MGM v. Grokster

EFF defended StreamCast Networks the company behind the Morpheus peer-to-peer (P2P) file-sharing software in an important case decided by the Supreme Court of the United States on June 23 2005. Though the Court set aside the Ninth Circuit's ruling in favor of Streamcast it also declined giving Hollywood what it truly wanted—a veto over technological innovation.

Twenty-eight of the world's largest entertainment companies brought the lawsuit against the makers of the Morpheus Grokster and KaZaA software products aiming to set a precedent to use against other technology companies (P2P and otherwise). As we noted in our arguments before the Court the case raises a fundamental question at the border between copyright and innovation: When should the distributor of a multi-purpose tool be held liable for the infringements that may be committed by end-users of the tool?

The Supreme Court's landmark decision in Sony Corporation of America v. Universal City Studios Inc. (a.k.a. the "Sony Betamax ruling") found that a distributor cannot be held liable for users' infringement so long as the tool is capable of substantial noninfringing uses. This standard has served innovators copyright industries and the public for more than 20 years. Relying on this precedent the Ninth Circuit ruled that the distributors of Grokster and Morpheus P2P file-sharing software cannot be held liable for users' copyright violations.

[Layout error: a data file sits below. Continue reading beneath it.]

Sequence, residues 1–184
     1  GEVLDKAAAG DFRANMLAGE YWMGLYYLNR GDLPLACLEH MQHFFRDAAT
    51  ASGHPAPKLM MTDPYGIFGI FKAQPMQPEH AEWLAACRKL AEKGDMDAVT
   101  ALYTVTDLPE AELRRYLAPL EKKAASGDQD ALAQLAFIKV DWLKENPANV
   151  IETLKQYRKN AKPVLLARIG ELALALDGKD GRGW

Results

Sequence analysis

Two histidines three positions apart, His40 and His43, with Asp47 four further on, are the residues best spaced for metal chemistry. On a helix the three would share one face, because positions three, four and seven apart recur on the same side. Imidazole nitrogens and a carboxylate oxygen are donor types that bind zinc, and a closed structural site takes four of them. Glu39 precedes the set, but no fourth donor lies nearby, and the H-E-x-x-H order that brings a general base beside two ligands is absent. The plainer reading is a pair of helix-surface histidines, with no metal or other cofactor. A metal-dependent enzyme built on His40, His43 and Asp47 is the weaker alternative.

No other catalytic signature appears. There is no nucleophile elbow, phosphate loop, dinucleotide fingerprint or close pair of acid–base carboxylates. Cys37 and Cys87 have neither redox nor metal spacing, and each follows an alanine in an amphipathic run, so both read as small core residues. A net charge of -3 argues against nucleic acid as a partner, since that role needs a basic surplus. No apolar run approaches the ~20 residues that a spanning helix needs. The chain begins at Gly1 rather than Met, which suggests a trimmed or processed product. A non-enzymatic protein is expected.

Stay in Touch

NSA Spying

EFF is leading the fight against the NSA's illegal mass surveillance program. Learn more about what the program is, how it works, and what you can do.

Follow EFF

Censorship powers, data retention, and vague hacking crimes: Pakistan's terrible cybercrime bill has it all:

Nov 25 @ 5:11pm

While Bangladesh blocks social messaging apps, locals are turning to Tor and Twitter:

Nov 25 @ 3:50pm

You've heard recent news about Securus, the prison phone service. It's also the proud owner of a very stupid patent.

Nov 25 @ 3:09pm
JavaScript license information